Fertility and pregnancy

Risk of stillbirth four times higher after IVF

Zone default image Other factors may also be involved

Women who conceive through IVF are four times more likely to give birth to a stillborn baby, new research has found.

However, the scientists stressed the risk to pregnant women who conceive using in vitro fertilisation (IVF) or intracytoplasmic sperm injection (ICSI) was still "very low."

In the study, a team of Danish researchers analysed data on 20,166 first-time births which took place between August 1989 and October 2006.

Of these, 82% were conceived spontaneously within 12 months, 10% after more than a year of trying, 4% were conceived through non-IVF fertility treatment and 4% conceived through IVF or ICSI.

The risk of stillbirth in women was found to be 16.2 per thousand in women who conceived through IVF/ICSI; 2.3 per thousand who conceived after non-IVF treatment; 3.7 per thousand in fertile women and 5.4 per thousand in women who took more than a year to conceive, described as sub-fertile.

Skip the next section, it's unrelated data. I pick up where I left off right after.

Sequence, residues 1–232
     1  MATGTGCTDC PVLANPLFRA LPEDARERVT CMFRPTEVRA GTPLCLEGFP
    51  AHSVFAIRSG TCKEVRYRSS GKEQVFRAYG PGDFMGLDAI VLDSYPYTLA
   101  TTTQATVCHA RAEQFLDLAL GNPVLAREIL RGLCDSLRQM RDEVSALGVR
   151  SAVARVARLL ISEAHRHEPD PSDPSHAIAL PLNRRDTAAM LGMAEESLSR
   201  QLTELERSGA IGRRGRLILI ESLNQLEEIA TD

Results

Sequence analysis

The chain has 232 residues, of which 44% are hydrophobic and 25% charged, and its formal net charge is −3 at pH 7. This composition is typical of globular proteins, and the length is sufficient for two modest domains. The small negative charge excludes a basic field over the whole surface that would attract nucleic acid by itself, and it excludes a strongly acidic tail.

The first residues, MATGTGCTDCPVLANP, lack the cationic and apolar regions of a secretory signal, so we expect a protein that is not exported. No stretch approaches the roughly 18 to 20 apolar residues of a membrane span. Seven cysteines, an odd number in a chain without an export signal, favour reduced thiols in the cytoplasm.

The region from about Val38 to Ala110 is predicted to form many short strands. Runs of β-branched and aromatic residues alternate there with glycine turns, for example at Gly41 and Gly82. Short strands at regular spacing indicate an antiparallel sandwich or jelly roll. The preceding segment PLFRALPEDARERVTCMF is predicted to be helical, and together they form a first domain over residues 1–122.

The findings, published in the journal Human Reproduction, showed women who conceived through IVF/ICSI were four times more likely to have a stillborn child.

Study leader Dr Kirsten Wisborg, a consultant at Aarhus University Hospital, said: “It is important to remember that the risk of stillbirth is still very low among women pregnant after IVF/ICSI.

“Until now, there has been speculation that the increased risk of adverse outcomes, such as stillbirths, in assisted reproduction might be due to factors related to the underlying infertility of the couples.

"However, we found the risk was similar between sub-fertile couples, women who had conceived after non-IVF fertility treatment and fertile couples."

This suggested that the increased risk of stillbirth was due to IVF/ICSI rather than problems related to infertility alone. However, she also added that other unidentified factors related to the infertile couples may also be involved.

This article was published on Wed 24 February 2010

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